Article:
Патент USA US3061822код для вставки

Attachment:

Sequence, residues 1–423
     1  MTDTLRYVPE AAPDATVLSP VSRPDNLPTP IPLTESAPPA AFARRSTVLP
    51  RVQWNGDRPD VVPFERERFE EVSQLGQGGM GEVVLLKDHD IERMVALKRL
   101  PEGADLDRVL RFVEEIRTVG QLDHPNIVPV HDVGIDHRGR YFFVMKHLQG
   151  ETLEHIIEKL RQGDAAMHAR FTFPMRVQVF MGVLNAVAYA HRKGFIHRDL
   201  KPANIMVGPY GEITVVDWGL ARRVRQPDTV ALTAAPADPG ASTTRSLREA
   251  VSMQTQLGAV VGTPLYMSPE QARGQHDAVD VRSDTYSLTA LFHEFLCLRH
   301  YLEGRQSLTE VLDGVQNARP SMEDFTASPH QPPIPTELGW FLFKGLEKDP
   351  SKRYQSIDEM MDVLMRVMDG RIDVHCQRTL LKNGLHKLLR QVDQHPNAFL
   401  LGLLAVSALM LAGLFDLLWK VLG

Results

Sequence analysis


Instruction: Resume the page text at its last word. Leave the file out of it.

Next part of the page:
Oct. 30, 1962 A. z. RACHWALSKI PULSE TYPE DEPTH SOUNDER Filed Sept. 28, 1959 3,061,812 ' 2 Sheets-Sheet 1 Z9 wkwl a7 5; ATTORNEY5 , Oct. 30, 1962 A. z. RACHWALSKI 3,061,812 PULSE TYPE DEPTH SOUNDER Filed Sept. 28, 1959 2 Sheets-Sheet 2 -H M |?|\\\\ \%. W MW m \WNm. L) .w, m . a. d mi BY ATTORNEYS I lo 11 3,051,812‘ Patented Oct. 30, 1962 2 PULSE TYPE DEPTH SOUNDER 3,061,812 ‘FIG. 1 is an electrical schematic drawing illustrating one preferred embodiment of the invention, and Alfons Z. Rachwalski, Miami, Fla., assignor, by mesne assignments, to Jetronic Industries, Inc., a corporation of Pennsylvania Filed Sept. 28, 1959, Ser. No. 842,811 13 Claims. (Cl. 340-3) FIG. 2 is a schematic similar to FIG. 1 and illustrat ing an alternative preferred oscillator circuit. Referring now to the drawing, there is generally shown a transceiver circuit comprising a transducer element 10 adapted to function both as a transmitter or producer of sonic impulses and a receiver of the re?ected echo pulses This invention generally relates to improvements in to reconvert the received sonic pulses into electrical depth meters or sounders and is particularly concerned 10 form for time measurement purposes. with pulse type depth meters that transmit sonic pulses Energizing the transducer 10, there is provided a regu for re?ection from a solid object, such as the ocean lar time pulse oscillator circuit, generally comprising a floor, and obtain a precise measurement of the time in transistor 11 and resonant tank circuit therefor, includ terval between the transmission of the sound wave pulse ing a parallel connected tank coil 12 and capacitor 13. and the receipt of its echo to determine the depth or All of the components of the pulse oscillator circuit are distance of travel. interconnected in a Hartley type con?guration with the Depth sounders or echo ranging apparatus of this ‘gen base element of transistor 11 being connected to tap 15 eral type are well known in the art and the more pre on coil 12 and with the emitter and collector elements cise varieties employ electronic tube circuits in the trans of transistor 11 being connected in series to tap 16‘ of mitter, receiver, and timing mechanism to precisely meas 20 coil 12 through a cut-oil? capacitor 17. The transistor 11 ure the distance or depth of travel of the pulse. Many thus has feedback provided by the resonant tank circuit, of such devices are necessarily portable, being carried by various water craft along with many other instruments and equipment for navigational and related functions. Consequently, it is essential that such devices be as small, lightweight, and low power consuming as possible, com patibly with providing the accuracy and depend-ability needed to carry out their intended function. However, as is well known, electron tube circuits together with and upon being properly energized by a D.-C. potential over line 18 and suitably biased, it is inherently unstable and oscillates for a short period of time until the cut oif capacitor 17 becomes negatively charged su?iciently to prevent conduction from the emitter to the collector elements of transistor 11. This cut-off potential ‘across capacitor 17 prevents further conduction through the tran sistor 11 thereby abruptly stopping the oscillation of the the necessary switching means are neither as compact, 30 circuit. After cut-oft", the capacitor 17 discharges through rugged, or dependable and long lived :as is desired for resistor 19 until the voltage thereacross is lowered suf ?ciently to again permit the transistor 11 to conduct thereby enabling the circuit to ‘again oscillate for a short time until capacitor 17 is again recharged to terminate 35 conduction of the transistor 11. As thus far described, a depth sounder system of this general type that is com therefore, the oscillator circuit regularly produces short prised wholly of transistor circuits for performing the impulses of A.-C. energy at a frequency determined ‘by functions of transmitting, receiving and timing of the the resonant frequency of the combined tank circuit and electrical pulse energy. In addition to eliminating the transducer 10, and for a time interval controlled by the electron tubes, bringing about appreciable reductions in value of capacitor 17. The repetition rate between the the size, weight and power consumption of the equip pulses of A.-C. energy is primarily controlled by the ment, the present invention provides a number of other time constant of capacitor 17 and discharge resistor 19, advantages and simpli?cations over prior art devices. as ‘well as the potential over line 18 and may be varied Among others, the present invention includes an im by changes in these quantities. Each of these A.-C. proved means of coupling the transmitter and receiver 45 pulses is produced across transducer 10 and converted circuits in such manner as to eliminate the need ‘for by the transducer to a sonic impulse which is transmit special isolating switches or other such means that are ted outwardly from the transducer and propagated to portable applications ‘and accordingly considerable ef fort is being constantly expended in improving these characteristics of such devices. According to the present invention, there is provided usually required to prevent the high power transmitted pulses from entering the receiver. Rather the present invention employs a less complex means for electrically attenuating the high power transmitter pulses in the re— ceiver while amplifying the lower power re?ected echo pulses to provide the necessary accuracy. The present invention also includes improved and simpli?ed means Ward the ocean floor or other target. Simultaneously, with the outward transmission of each sonic pulse, the electrical oscillation pulse is ‘also directed backwardly into the receiver to establish the beginning of the measurable time interval. Tracing the electrical pulse backwardly into the receiver, the pulse appears across the upper terminal of coil 12 and passes back for performing the timing functions and for accurately 55 Wardly over line 20 and through coupling capacitor 21 calibrating [and adjusting the system whereby the device to the base element of the ?rst stage transistor 22. Tran may be used by relatively unskilled operators without sistor 22 is connected in circuit as a tuned ampli?er the need for extensive instruction. having a parallel connected output ?lter comprised of It is accordingly -a primary object of the invention to a transformer 53 tuned to the desired resonant frequency provide an improved depth meter of low weight, small 60 by a capacitor 54, ‘with the tuned circuit being connected size and low power consumption. _ A further object is to provide these physical improve ments without sacri?cing accuracy and precision in meas urement. A still ‘further object is to provide such a device of 65 simpli?ed and less complex construction. in the emitter to collector circuit of transistor 22, as ‘shown. Consequently, this ?rst stage ‘of the receiver functions to amplify electrical pulse signals in the pre determined frequency bandwidth and to reject all other frequencies. The transmitted pulse being produced by oscillator 11 Another object is to provide such a device that may and applied to the ?rst stage of the receiver has a much be readily converted or adjusted for measuring different greater amplitude than is necessary for functioning of the receiver. In fact, if this oscillator pulse were nor distance ranges without change in accuracy. Other objects and many additional advantages will be 70 mally applied to the receiver without compensating means, it would be sui?ciently great to damage the receiver tran more readily understood after a consideration of the fol sistors. Consequently, according to the present inven lowing detailed speci?cation and drawings wherein: 7 3,061,812 4 3 tion, the ?rst stage transistor 22 is provided with a pro tective capacitor 23 and resistor 24, being connected from its emitter element to ground, which elements func tion to prevent this large potential pulse from damaging the circuit. The capacitor 23 and resistor 24 also function to normally bias the transistor 22. As this large ampli tude transmitted pulse is applied to the base element, it immediately causes conduction from the emitter element to the collector element of transistor 22, thereby rapidly duction through the other transistor 35 of the ?ip-?op circuit. According to the present invention, the ?ip-?op circuit, together with a meter 42, is ‘employed as a time measur ing circuit to precisely indicate the time interval between the outward transmission of a sonic impulse and the re ceipt of its re?ected echo impulse. This function is per formed by triggering the flip-?op circuit into a ?rst stable condition simultaneously with the transmission of each charging the capacitor 23 and raising its potential, whereby 10 sonic pulse, and upon receiving the re?ected echo pulse, triggering the ?ip-flop back into its original stability con the voltage across capacitor 23 substantially follows that dition. In this manner, the flip-flop circuit remains in a of the incoming pulse. This charging of capacitor 23 in given stability condition during the time interval be turn rapidly raises the potential at the emitter element re tween the transmission of each conic pulse and the re ducing the current ?ow through the transistor 22, and in ef ceipt of its re?ected echo whereby an accurate measure fect reducing the gain of the ?rst stage. In other words, ment of this time interval may be made by determining the function being provided by the capacitor 23 and re sistor 24 is to both protect the receiver from being dam the time period that the ?ip?op circuit assumes this aged by the large transmitted pulse and attenuate the pulse ?rst stability condition. For measuring this ?rst stability condition of the ?ip ?op circuit, there is provided a meter 42 which is adapt ed to be connected in the emitter to ground circuit of before further transmission through the receiver. Since this large charge on capacitor 23 takes a given time in terval to decay, the receiver is also attenuated for a time interval after the transmitted pulse when re?ected transistor 34 by means of a switch 45. As shown, when switch 45 is engaging its upper contact 46, one terminal of meter 42 is connected to the emitter of transistor 34 From the output of the ?rst stage existing across the secondary winding of transformer 53, the attenuated trans 25 and the other terminal thereof is connected to ground pulses would be suf?ciently large to damage the receiver. mitter pulse is directed through a coupling capacitor 25 through the biasing capacitor 51 and resistor 52. Con to the base element of a second stage transistor 26 con nected as a tuned ampli?er in essentially the same cir sequently, whenever transistor 34 is conducting, the cur rent ?ows through the meter 42. Since the time intervals to be meaesured are considerably shorter than the inertia cuit con?guration as the ?rst stage. This second stage transistor 26 also is provided with a protecting capacitor 30 or time constant of the meter 42, the meter averages the current through transistor 34 and consequently indicates 27 and resistor 28 in its emitter to ground circuit to pre— the time interval that transistor 34 is conducting. vent the large amplitude transmitter pulses from darn Recapulating brie?y the functioning of the receiver as aging the transistor and for additionally reducing the gain thus far described, each transmitted signal pulse being of the second stage to the large amplitude pulses. produced by oscillator 11 energizes the transducer '10 The ?rst stage transistor 22 also provides a second to produce an outgoing sonic pulse and is also directed output signal being taken from its emitter element and backwardly through the ?rst two stages of the receiver, directed upwardly over line 29. This signal taken from passing through transistors 22 and 26. This signal is the emitter element over line 29 has a gain or ampli?ca thence directed upwardly over ‘line 29 and through diode tion of less than one, since in this type connection the ampli?er stage operates essentially as an emitter-follower 40 32 to trigger or cause conduction of flip-?op transistor 34 signaling the beginning of the time interval to be circuit. From the emitter element of transistor 22 the measured. A meter 42 is connected in circuit with signal is directed upwardly over line 2% and through a transistor 34 to provide an indication of the time inter coupling capacitor 31 to a miniature diode 32. Diode 32 val that this transistor is conducting. serves to rectify the A.-C. component from the transmit After the transmitted sonic impulse is propagated ted pulse and produces a D.-C. pulse over line 33 which from transducer 10, it travels outwardly until it strikes is directed to the base element of a transistor 34 located at the far right in the drawing. Transistor 34 is connect and is reflected from a body opaque to sound, such as ed in a bistable or flip-?op circuit with a mating transistor the ocean ?oor, whose distance from the transducer 10 is to be determined. The reflected sonic pulse is thence 35 whereby the recti?ed pulse over line 33 serves to directed backwardly to the transducer 10 and is received render transistor 34 conducting and transistor 35 non conducting. a short time interval later. This time interval between the transmission of the sonic pulse and the receipt of its re More speci?cally, transistors 34 and 35 are connected ?ected echo is accordingly equal to twice the distance be in a mutual feedback circuit, with the collector element of transistor 34 being connected in feedback through re tween the transducer 10‘ and the object to be measured sistor 36 to the base element of transistor 35, and with the 55 since, as is well known, the sonic pulse travels at constant speed through the water or other medium. Upon receiv collector element of transistor 35 being connected in feedback through a resistor 37 to the base element of ing the echo pulse, an electrical signal of reduced ampli tude is produced across tank coil 12 and capacitor 13 transistor 34. Both transistors 34 and 35 receive D.-C. energizing potential on their collector elements from line which in this instance operates as a receiver tank circuit. 38 and through equal value resistors 39 and 40. The 60 This electrical signal is thence transmitted over line 20 and through coupling capacitor 21 to the base element emitter element of transistor 35 is connected to ground of ?rst stage transistor 22. The received pulse passes line 41 through a resistor 71 and a biasing capacitor through both the ?rst and second stages of the receiver, 51 and resistor 52, and the emitter of transistor 34 is connected to ground line 41 through a meter 42 and the comprising the circuits of transistors 22 and 26, to pro same biasing capacitor 511 and resistor 52. Consequently, vide a pulse signal across both the secondary winding of with this mutual feedback connecting the transistors in transformer 30 in the output circuit of the second stage ampli?er and a pulse signal over line 29'. Since the re a flip-flop arrangement, only one or the other transis tor 34 or 35 may conduct current; and upon conducting, 'ceived echo pulse is of much lower amplitude than the it renders the other transistor at substantially cut-off con original transmitted pulse, both stages of the receiver dition. Returning to the pulse signal being transmitted over operate to provide high gain ampli?cation, since neither line 33 in response to the transmitted pulse, this pulse is applied to the base element of transistor 34 causing this amplitude transmitted pulse. transistor to conduct current from its emitter to its col stage is saturated as it would be when receiving the large From the secondary of transformer 30, the received echo pulse is thence directed through a resistor coupling lector elements and thereby substantially cutting off con 75 circuit generally designated 55 and to the base element 3,061,812 5 6 of a transistor 56, which is connected'as a pulse detector tances of from zero to 150 feet and indicate the same over the full scale on meter 42, the oscillator circuit may circuit, serving to remove the higher frequency carrier portion of the pulse and transmitted only the envelope be designed for a frequency of 200 kilocycles, and the of the pulse. The detected echo pulse is thence directed through a differentiating circuit including the capacitor values of capacitor 17 and resistance 19 selected to pro vide a pulse duration of ?ve milliseconds and a pulse repetition rate of one pulse every ?fty milliseconds. If it is then desired to change this range and employ the 57 and resistor 58, which provide sharp edged signals at the leading edge and trailing edge of the detected echo pulse. The trailing edge differentiated signal is rejected transceiver to detect over a distance range of only zero by a diode 59 and not permitted to pass further into the to 15 feet while employing the full scale reading of meter receiver circuit, but the leading edge differentiated signal 42, it is only necessary to Change the pulse repetition rate. Since this repetition rate is controlled by the time is directed over line 60 to the base element of transistor 35, which as discussed above is the second transistor in constant of capacitor 17 and resistor 19 as well as by the D.-C. potential over line 18, this distance range may be the ?ip-?op circuit. This sharp edged differentiated pulse has sufficient amplitude to trigger the ?ip-?op transistor 35 into conduction, thereby reversing the conducting con quite easily varied by merely reducing the D.-C. volt age over line 18 as controlled by the variable resistor 60 interconnecting line 18 with the potential source 61. The dition of the ?ip-?op and signaling the end of the meas~ meter 42 may, of course, be calibrated directly in feet ured time interval. Since the meter 42 is connected to and be provided with a number of scales indicating the average the current through transistor 34, the reading of different ranges. It is evident, of course, that reducing meter 42 is thus proportional to the time interval that transistor 34 is conducting and hence is proportional to 20 the voltage on line 18 also reduces the transmission power of the sonic pulses. However, ‘for the smaller distance the time interval between the transmitted sonic pulse and ranges, the transmission power can be appreciably re the received echo pulse. The meter 42 is also preferably duced without adverse e?fect. calibrated in terms of distance in feet or other, and con - sequently directly reads the distance that the sonic pulse Alternatively, the distance range of measurement may 'output signals, the ?rst being taken from the emitter charging capacitance 17 may be varied by providing ad— ditional capacitors, such as capacitor 72, in parallel there has traveled to the selected target. 25 ‘be also varied by changing the value of the capacitance 17 or by changing the DC. potential serving to bias the As will be recalled from the earlier description of the oscillator transistor 11. In the former, the value of dis ?rst stage of the receiver, this ?rst stage provides two element of transistor 22 and directed upwardly over line 29, and the second being taken from the secondary of 30 with, as shown, together with a switch 73 in circuit for selectively adding or removing the additional capacitor tuned transformer 53. The ?rst signal being directed up 72, as desired. To perform the latter, the D.-C. potential wardly over line 29 is ultimately directed to the base biasing the oscillator transistor 11 may also be easily element of transistor 34' of the ?ip-?op circuit, and the varied. As shown, the emitter element of transistor 11 second signal from transformer 53 is ultimately directed ‘to the base element of the second flip-?op transistor 35, 35 is supplied with a negative bias potential by means of a potential divider circuit comprising a parallel connected as described above. Consequently, both the transmitted capacitor 74 and resistor 75 in series relation with the pulse and the received echo pulse are each directed to parallel connected capacitor 76 and resistor 77. This vboth transistors of the flip-flop circuit at the beginning series circuit is connected from D.-C. potential line 18 to of the time interval and at the end thereof. However, ground, and the junction point 78 between the two par the transmitted pulse being directed upwardly over line allel circuits is connected to the lowermost terminal of 29 is not differentiated whereas the signal from trans tank coil 12. Consequently, a negative D.-C. potential former 31) is differentiated before reaching the flip-?op exists at junction 78 serving to bias the emitter element circuit. Consequently, upon transmission of the sonic of oscillator transistor 11. This negative D.-C. bias may pulse at the beginning of the measured time interval, the large amplitude pulse passing into the receiver and to 'be varied by selectively adding additional resistors, such pulse is not ampli?ed by the ?rst stage transistor 22 before passing to ?ip-?op transistor 34 from line 29, but is ampli ?ed by this transistor 22 and by transistor 26 before pass ing to transistor 35 from the secondary of transformer 55 Since the pulse repetition rate is related to the D.-C. energizing potential over line 18, it is necessary that this as resistor '79, in parallel with resistor 75 by means of transistor 34 has a much greater time duration than the a switch 80. This additional resistance, ‘when connected differentiated pulse directed to transistor 35 and will over by closing switch 80, varies the ratio of the potential di ride the narrow differentiated pulse to cause conduction vider, thereby to increase the negative bias on transistor of transistor 34 at the beginning of each time interval. On the other hand, at the end of the time interval when 50 11 and shorten the pulse repetition rate for smaller dis tance range measurements. a low amplitude echo pulse is received, this low amplitude 30. Consequently at the end of the measurable time in terval, the pulse reaching ?ip-flop transistor 35 overrides the pulse reaching flip-?op transistor 34 whereupon the potential be accurately calibrated prior to operation of the device for echo ranging measurements. To perform this calibrating function, the meter 42 may be initially switched to read the voltage of source 61 and permit ad justment of resistance 61} before operation of the equip ment. As shown, the switch means 45 is provided with ?ip-?op stability condition is reversed and transistor 35 ‘a lower contact 82 to connect the meter 42 to read the is made conducting and transistor 34 made non-conduct 60 voltage on line 18. Before operation of the equipment. ing. Thus at the beginning of each time interval the re therefore, the switch 45 is positioned to engage the lower ceiver functions to render ?ip-?op transistor 34 conduct ,contact 82, thereby placing one terminal of the meter 42 ing and ?ip-flop transistor 35 non-conducting and at the end of each time interval functions to reverse the con ducting conditions of the ?ip-?op transistors. Conse ‘quently, transistor 34 remains conducting only during the time interval between transmission of a sonic pulse and receipt of its re?ected echo whereby the meter 42 con nected in circuit with transistor 34 indicates this measure across line 18 through a resistor 83, which resistor serves to select the proper range of the meter for measure 65 ment. Thereafter, the power switch 9 is closed, con necting the power source 61 from ground to line 18. The meter 42 is, thereby connected to read the potential on line 18, and if this potential is not at its predetermined value, the operator may adjust the variable resistor 60, interval or its equivalent, the distance traveled by the 70 in series with the meter 42, until the desired voltage on sonic pulse. line 18 is obtained. After this adjustment is made the According to a preferred embodiment, the transceiver operator may then position meter switch 45 to its upper contact 46 and the transceiver is conditioned for oper 'of the present invention may be employed to detect a ation. number of different distance ranges with but minor ad 'justrnent of the components‘. For example, to detect dis 75 To further reduce the size and weight of the trans 3,061,812 8 7 ceiver, the preferred circuit shown is readily adapted to being produced in printed circuit form since the power re- resistor 93 from the circuit. Referring to FIG. 2 it is noted that with switch 98 engaging its right hand ?xed quirements of the transistors are extremely small and all contact 100, the resistor 93 is connected in parallel with of the components are readily obtainable in miniature or resistor 94 but with switch 98 positioned to engage its left hand ?xed contact 99, the resistor 93 is removed from the circuit and resistor 94 alone is connected to subminiature sizes. This circuitry has been successfully operated with a potential source 61 of only 8 volts and. drawing a current of only a few milliamperes. In FIG. 2 is shown an alternative embodiment of the capacitor 89. the ocean ?oor or other target. ity condition, and responsive to its re?ected echo pulse Consequently, with switch 98 engaging right hand contact 100, the time constant of the circuit is much shorter in time permitting closer distance meas invention incorporating a time spaced pulse oscillator cir cuit of improved stability. Referring to FIG. 2, there is 10 urements and with switch 98 engaging contact 99, the time constant is much longer in time for the much more shown a transistor 91 having a base, emitter and collector distant range measurements. elements, with the circuit from the base to emitter ele ments being connected through a control capacitor 89 In addition to varying the pulse repetition rate, the switch 98 also provides the function of selectively vary and across a portion of the tank coil 12 and transducer‘ 10. The circuit from the collector to emitter elements of‘ 15 ing the amplitude of the oscillator pulses depending the transistor are connected in series circuit relationship upon the distance range selected. That is for short dis with a loading resistor 92 to the main switch 9, direct tance measurements, the amplitude of the oscillator pulses current power source 61 and variable control resistor 60 is reduced by providing a loading resistance 92 in the to ground, and returning to the emitter element of the collector to emitter circuit of transistor 91 whereas for transistor through the lowermost portion of the tank coil. the longer distance range measurements, the switch 98, 12. In the remaining circuit of the transistor leading in its left hand position engaging ?xed contact 99, serves from the base element to collector element there is proto short circuit the loading resistance 92, thereby increas vided a choke coil 90 in series with a parallel connected ing the current ?ow from the collector to the emitter pair of resistors 93 and 94, whose opposite ends connect of transistor 91 and increasing the amplitude of the with loading resistor 92 leading to the collector element. oscillator pulses. In operation, after closing main switch 9, a D.-C. To isolate the A.-C. oscillator pulse and prevent its current flows through resistors 93 and 94 in parallel and entering the D.-C. source 61, there is also provided a through resistor 96 to bias the base element of transistor large capacitor 97 also connected between D.-C. power 91 positively permitting the transistor to conduct and line 18 and ground which serves the function of by-pass the circuit to oscillate. During the period of oscillation, ing the A.-C. oscillator pulses preventing their trans a rectifying action takes places between the emitter to mission to D.-C. source 61. Performing a similar iso base junction during alternate half cycles with the result lating function with respect to the base element, the choke that capacitor 95 is progressively charged negatively coil 90 prevents the passage of the A.-C. oscillator pulses with respect to the transistor base element. When a suf from following the circuit leading from the collector ?ciently negative charge is established across the capaci- , element to the base element through resistors 93 and 94. tor 95, the transistor is biased to cut-off, thereby block It is quite important to note that the regularly time ing further oscillation and completing the ?rst pulse. spaced pulse oscillator circuit of FIG. 2 provides a signi? After this ?rst pulse has been completed and conduction cant advantage over the oscillator of FIG. 1. In FIG. through transistor 91 is cut off, the control capacitor 95 1, the blocking capacitor 117 is connected in the circuit discharges through the resistors and through the tran 40 leading from collector to emitter elements of transistor sistor 91 thereby removing the negative voltage on the 11 and consequently must receive a larger charge to base element after a predetermined interval and permit function in cutting off conduction through the transistor. ting the capacitor 95 to again become positively charged In the circuit of FIG. 2, on the other hand, the block— and again commence oscillation of the circuit to produce ing capacitor 89 is provided in the base to emitter ele a second pulse. ment of transistor 91 and consequently may control cut In this manner, the oscillator circuit emits periodically off with a smaller negative charge. This enables a ca time spaced pulses of oscillation as in the circuit of FIG. pacitor having a paper dielectric to be employed, which 1 with the width of each pulse determined by capacitor type of capacitor possesses a considerably greater stability 95 and the characteristics of the transistor 91 and the and dependability of the oscillator circuit. What is claimed is: time spacing between pulses determined by the time 50 constant of the circuit. 1. In an echo pulse ranging depth meter, a transistor As in the embodiment of FIG. 1, each of these A.-C. transmitter for producing regularly recurring pulses, a pulses is produced across transducer 10 and converted transistor receiver including a transistor ?ip-?op circuit, by the transducer to a sonic impulse which is transmitted said receiver including means for coupling each said outwardly from the transducer and propagated toward transmitter pulses to condition the ?ip-?op in a ?rst stabil To vary the range of distance measurement, the frequency or pulse repetition to reverse the stability condition, and means for measur ‘rate may be varied to change the time interval between ing the time intervals that the ?ip-?op is in said ?rst stabil ity condition to determine the range of the object re?ect~ ing said pulse, said receiver including an ampli?cation stage for receiving both the transmitter pulses and re ceived echo pulse and variable 'biasing means for at pulses by increasing or decreasing the time constant of capacitor 95 and resistors 93 and 94, or 96, and the tran sistor 91. For small changes in the time constant, the resistors 93 and/ or 94 may be made variable to increase or decrease the overall resistance presented by the paral tenuating the received transmitter pulses and amplifying lel connection of these resistors. It is also possible, of the received echo pulses. course, to vary the capacitance presented by capacitor 65 2. In an echo depth meter, a transistor oscillator and -89 to achieve the same end. However, as a practical matter, it is more feasible and preferred to vary the re receiver connected in common with a resonant tank cir cuit, a transducer energized by said tank circuit during sistance values rather than the capacitor 89. transmission and energizing said tank circuit during re As in FIG. 1, it is desired to employ the transceiver ception, said receiver including a transistor ampli?er stage to measure a different range of distances such as to switch 70 having a high gain output channel and an attenuating from a range of from zero to ?fteen feet to the longer output channel each coupled to a transistor ?ip-?op cir distance range of from zero to 150 feet, and to perform cuit, differentiating means responsive to the high gain this function a much larger increase in the time constant output channel to energize a ?rst transistor in said ?ip ‘is required. For this purpose there is provided a switch ?op circuit, rectifying means responsive to said attenuating 98 in the circuit that selectively adds or removes the 75 output channel to energize another transistor in said ?ip 3,061,812 ?op circuit, and means for indicating the time interval of conduction of one of said ?ip-?op transistors. 11. In the circuit of claim 10, said amplifying stage comprised of a transistor having a base, emitter and col '3. In the meter of claim 2, means for reducing the am pli?cation of said transistor ampli?er stage and protecting the ampli?er from damage during transmission and for a lector, with said biasing capacitor connected in the emit ter circuit, said high gain output channel coupled from the collector and said lo-w gain output channel coupled from short time thereafter. 4. In the meter of claim 3, said ampli?cation reducing means including a capacitor in feedback connection with said emitter. ‘12. In a pulse type depth meter for transmitting time spaced pulses and receiving re?ected echo pulses, an am said ampli?er stage and being chargeable by large signals pli?er for receiving both large amplitude transmitted received by said stage to proportionally increase its oper 10 pulses and lower amplitude re?ected echo pulses, said ating bias voltage. ampli?er having a high gain output channel and a separate 5. In a depth meter, a transistor oscillator for produc low gain output channel, a ?ip-?op circuit connected to ing regularly spaced transmission pulses, a transistor re assume a ?rst stability state in response to alternate signals ceiver coupled thereto to receive said transmission pulses received from the low gain output channel and to as and re?ected echo pulses, said receiver including means 15 sume a second stability condition in response to alter for increasing the biasing on a receiver transistor propor nate signals received from the high gain output channel, tionally to the amplitude of the received pulses, thereby means conditioning said ampli?er to reduce the gain to attenuate said transmission pulses and amplify said re thereof for large amplitude transmitted pulses whereby ceived echo pulses, said receiver having a ?rst output the ?ip~?op assumes a ?rst stability condition in response channel of normally high ampli?cation and a second out 20 thereto and a second stability condition in response to re put channel of lower ampli?cation, a transistor ?ip-?op ?ected echo pulses. circuit, means for indicating the time interval said ?ip 13. An echo pulse range meter, comprising generating means for producing a series of regularly recurring elec ?op circuit assumes a given stability condition, dilferentiat ing means coupling said ?rst ampli?er channel to said ?ip trical pulses, transducer means coupled to said generating ?op to assume a ?rst stability condition upon energization 25 means for converting said electrical pulses into sonic by a re?ected pulse, and rectifying means coupling said energy pulses and for converting re?ected echo sonic en second ampli?er channel to said ?ip-?op to assume a sec ergy pulses into electrical pulses, a receiver coupled to ond stability condition upon energization by a transmis said generating means and to said transducer ‘for receiv sion pulse. ing electrical pulses from both said generating means and 6. In the meter of claim 5, said receiver biasing means 30 said transducer means, a bi-stable ?ip-?op circuit having including a capacitor for receiving an electrical charge two inputs, said receiver having an amplifying channel proportional to the amplitude of the received pulse. coupled to one of said inputs and a second channel coupled to the other of said inputs, said amplifying chan 7. In the depth meter of claim 6, said receiver includ nel including means for desensitizing this channel in re ing a transistor having base, emitter, and collector elec trodes, means connecting said capacitor in said emitter 35 sponse to a high power pulse applied thereto while provid circuit and connecting said emitter circuit to said rectify ing high gain therein in response to a low power pulse applied thereto, whereby upon the application to said re ing means, and means coupling said collector element to said ditferentiating means. ceiver of a high power pulse from said generating means, 8. In a depth meter having a transducer and a trans said ?ip~?op circuit responds preferentially to the signal mitter circuit and receiver circuit connected thereto for 40 applied thereto through said second channel to assume a alternative transmission and reception of sonic impulses, a ?rst stable state, and upon the application to said receiver transistor ampli?er in said receiver, said ampli?er having of a low power pulse from said transducer means, said ?ip-?op circuit responds preferentially to the signal ap an attenuating output channel and an amplifying output plied thereto through said amplifying channel to assume channel, a ?ip-?op circuit, means coupling said attenuat ing output channel to enable triggering of said ?ip-?op in 45 a second stable state, and means for measuring the por a ?rst stability condition and dilferentiating means cou tion of time wherein said ?ip-?op circuit is in one of said pling said amplifying output channel to enable triggering stable states. of said ?ip-?op in the opposite stability condition, and means coupling both the transmitted pulses and received 50 echo pulses to said ampli?er. 9. An amplitude discriminating circuit including an amplifying stage having a high gain output channel and References Cited in the ?le of this patent UNITED STATES PATENTS a low ‘gain output channel, self-biasing means for said 2,433,667 2,476,902 ampli?er to reduce the ampli?cation in the high gain out put channel in response to large amplitude input signals 55 2,500,638 and to restore said ampli?cation for low amplitude in put signals, whereby in response to large amplitude input signals the low gain output channel provides a higher power output than the high gain output channel, and in response to small amplitude input signals, the high gain 60 output channel provides a considerably higher amplitude output than the low gain output channel. 10. In the circuit of claim 9, said self-biasing means in cluding a capacitor and resistor. 2,567,229 2,780,795 2,878,312 2,891,146 Hollingsworth _______ __ Dec. 30, Paine et al. __________ __ July 19, Krauth ______________ __ Mar. 14, Morse ______________ __ Sept. 11, Ambrosio _____________ __ Feb. 5, Goodrich ____________ __ Mar. 17, HSciurba _____________ __ June 16, 1947 1949 1950 1951 1957 1959 1959 OTHER REFERENCES Transistorized Fish-Finder by Walter F. Mitchell, Elec tronics World, vol. 62, No. 2, August 1959, pp. 92, 43, 44, 108 and 110.